Does Spironolactone Benefit Patients with HF and Preserved Systolic Function? — Physician’s First Watch
Does Spironolactone Benefit Patients with HF and Preserved Systolic Function?
By Harlan M. Krumholz, MD, SM
Spironolactone showed no significant advantage over placebo among patients with heart failure and preserved systolic function in a New England Journal of Medicine study, but the case may not be closed.
Some 3500 adults with symptomatic heart failure and a left ventricular ejection fraction of 45% or above were randomized to receive spironolactone or placebo in addition to their existing treatments for HF and any comorbidities. The primary endpoint — a composite of cardiovascular death, aborted cardiac arrest, and HF hospitalization — did not differ significantly between the spironolactone and placebo groups (18.6% and 20.4%, respectively).
The failure of an inexpensive drug to show a significant benefit in patients with a condition for which effective therapies are lacking is disappointing. Nonetheless, I find it hard to dismiss the possibility that this drug is beneficial based on these results. The trial was powered for a number needed to treat (NNT) of about 30. The observed NNT of 56, although nonsignificant, is of a magnitude that could be meaningful for this disorder. However, all we have for now is another negative study for patients with HF and preserved systolic function.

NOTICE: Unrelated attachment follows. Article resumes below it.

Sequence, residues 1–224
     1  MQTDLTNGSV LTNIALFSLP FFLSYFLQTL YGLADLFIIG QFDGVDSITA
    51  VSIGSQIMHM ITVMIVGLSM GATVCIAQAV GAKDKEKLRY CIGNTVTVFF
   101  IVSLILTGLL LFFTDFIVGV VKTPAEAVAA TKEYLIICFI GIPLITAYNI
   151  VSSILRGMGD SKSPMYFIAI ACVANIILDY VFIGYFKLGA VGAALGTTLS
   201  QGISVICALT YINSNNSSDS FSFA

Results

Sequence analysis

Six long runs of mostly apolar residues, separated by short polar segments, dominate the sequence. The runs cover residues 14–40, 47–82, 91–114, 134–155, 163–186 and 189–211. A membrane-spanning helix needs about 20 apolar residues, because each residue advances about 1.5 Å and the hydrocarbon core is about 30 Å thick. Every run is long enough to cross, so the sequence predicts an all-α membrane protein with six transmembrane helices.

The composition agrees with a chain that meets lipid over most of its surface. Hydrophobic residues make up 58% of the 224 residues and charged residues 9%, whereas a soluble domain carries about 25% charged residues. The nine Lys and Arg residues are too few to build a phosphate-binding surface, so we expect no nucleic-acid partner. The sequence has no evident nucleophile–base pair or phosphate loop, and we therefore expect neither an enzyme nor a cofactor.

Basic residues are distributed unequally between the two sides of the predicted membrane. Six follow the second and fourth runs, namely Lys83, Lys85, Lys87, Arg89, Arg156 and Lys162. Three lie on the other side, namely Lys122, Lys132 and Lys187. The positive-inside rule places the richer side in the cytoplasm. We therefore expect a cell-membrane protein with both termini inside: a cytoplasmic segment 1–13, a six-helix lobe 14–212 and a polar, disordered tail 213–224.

Dr. Krumholz is Editor-in-Chief of NEJM Journal Watch Cardiology, from which this story is adapted.